December 4, 2017

WWOOF Life: Tagging Cows

Being a farmer can get emotional. In a short amount of time you become very attached to the animals and even the plants – good to know I have some sort of maternal instinct I guess. If people heard how much I talk to the animals my sanity would be questioned. So when the task of tagging cows came up in Ravenshoe, I was slightly horrified and seriously apprehensive about helping out. But, I’m trying to maintain the outlook that if I’m okay eating the meat, I better be okay with the process of farming the meat. And even though I had to sit on the sidelines for a few minutes watching everything from afar, I eventually overcame my horror and was able to help out.

In order to tag the cow’s ear, the head has to be restrained so they don’t thrash around, leading to the tag being ripped through the ear. Uh huh, that's what was at stake. I could potentially slash the cow’s ear apart. So to get the cows slightly stationary they have to walk through the livestock crush – seriously who named this!? – and they walk towards the exit which has a triangle shaped opening at the end of the narrow stall. Once the cow reaches the exit you have to slam the gate closed, making the triangle opening small enough to trap the cow’s head. It’s no surprise the cows don’t like the crush so they tend to head straight towards to the exit when they enter, meaning the whole process is quick.

Torture tools • Iain a true cowboy

When the first several cows were tagged, I audibly gasped when they slammed the gate closed around its head. It was so quick and the metal banging together was so loud. I thought I was going to cry right there in front of two cowboys, thinking this constituted torture. 

Unfortunately this is a part of farming and it has to be done - and in the end, the cows are fine. The tags are associated with each farmers’ property TIN and are used to track ownership until the meat or dairy product goes to market. In the event the cow product doesn’t meet government standards, it’s tracked all the way back down the line to find out at which step the quality went south. And a more practical use, the tags are used to identify cows in the event they make a mad dash for the neighbor’s field and you need to claim it.   

So once my initial shock wore off and I realized not every cow was whining or trying to break down the crush I was able to help out. I started by operating the back gate, making sure to close it behind the cows so they had no other way but forward, towards the head clamp gate. As soon as the cow realizes it’s a trap, it immediately tries to back out of the crush and you have to try and stop that. Otherwise, you have a cow dancing around you and it’ll take forever to move them all through the crush once one has escaped and put all the others into a panic.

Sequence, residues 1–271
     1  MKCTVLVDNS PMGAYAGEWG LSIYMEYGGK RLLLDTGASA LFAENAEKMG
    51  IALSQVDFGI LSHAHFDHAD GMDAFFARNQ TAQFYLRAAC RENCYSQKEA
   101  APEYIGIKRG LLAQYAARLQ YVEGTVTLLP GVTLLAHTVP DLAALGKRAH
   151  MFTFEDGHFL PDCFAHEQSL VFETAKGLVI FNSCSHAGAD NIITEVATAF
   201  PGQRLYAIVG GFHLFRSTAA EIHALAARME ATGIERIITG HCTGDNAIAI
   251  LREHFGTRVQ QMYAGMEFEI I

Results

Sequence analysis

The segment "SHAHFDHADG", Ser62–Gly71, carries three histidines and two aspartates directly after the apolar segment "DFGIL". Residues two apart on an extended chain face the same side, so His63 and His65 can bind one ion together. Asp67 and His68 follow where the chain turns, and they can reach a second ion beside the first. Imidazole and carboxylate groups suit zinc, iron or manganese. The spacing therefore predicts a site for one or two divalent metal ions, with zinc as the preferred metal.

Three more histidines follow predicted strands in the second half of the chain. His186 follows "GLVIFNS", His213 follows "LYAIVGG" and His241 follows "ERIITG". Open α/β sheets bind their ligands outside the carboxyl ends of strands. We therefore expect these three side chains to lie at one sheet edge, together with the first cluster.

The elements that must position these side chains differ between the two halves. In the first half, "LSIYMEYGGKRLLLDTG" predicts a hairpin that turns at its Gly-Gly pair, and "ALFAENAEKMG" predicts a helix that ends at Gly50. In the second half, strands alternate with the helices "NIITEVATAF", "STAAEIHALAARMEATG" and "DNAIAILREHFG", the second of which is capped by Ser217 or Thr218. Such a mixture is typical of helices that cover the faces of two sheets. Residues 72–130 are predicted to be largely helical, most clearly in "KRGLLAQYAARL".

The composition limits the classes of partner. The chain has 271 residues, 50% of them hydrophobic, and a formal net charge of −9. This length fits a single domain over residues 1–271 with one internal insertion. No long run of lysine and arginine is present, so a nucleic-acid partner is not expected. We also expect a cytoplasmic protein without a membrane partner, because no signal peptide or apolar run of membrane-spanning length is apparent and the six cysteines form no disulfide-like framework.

Please stop wiggling!

After a few minutes operating the gate, I was ready to try my first ear piercing. I apologized to the cow numerous times before and afterward. The piercer looks like a big pair of pliers with a nail tip on the inside. You slide the front and back pieces of the tag into the pliers and squeeze real hard. I imagine it isn’t any different than a piercing gun used to pierce human ears, except that you have to clamp it shut yourself. The tricky part is placing the clamp around the ear and getting it done before the cow starts moving its head. For people who do this for a living, it isn’t difficult because they can manage the pliers with one hand. I, on the other hand, had to use two hands and all my strength to get those pliers closed. So I definitely had to be quick about it because I wasn't using one hand to hold the ear in place. I managed to do a handful of cows and luckily didn’t leave any cows with ear gauges. And once the initial sting was over the cows settled down and the triangle gate was opened so the cows could go back to the main paddock. On more than one occasion, the cow tried to jump out while the gate was half open, and others took off like a bat out of hell, initially leading me to believe they were extremely traumatized by the piercing. But after they joined the rest of the herd all the cows seemed fine – which made me change my assumption, and I know think cows over analyze situations just like humans. And they probably get worked up over the crush for no reason.

Cows... they’re just like us!

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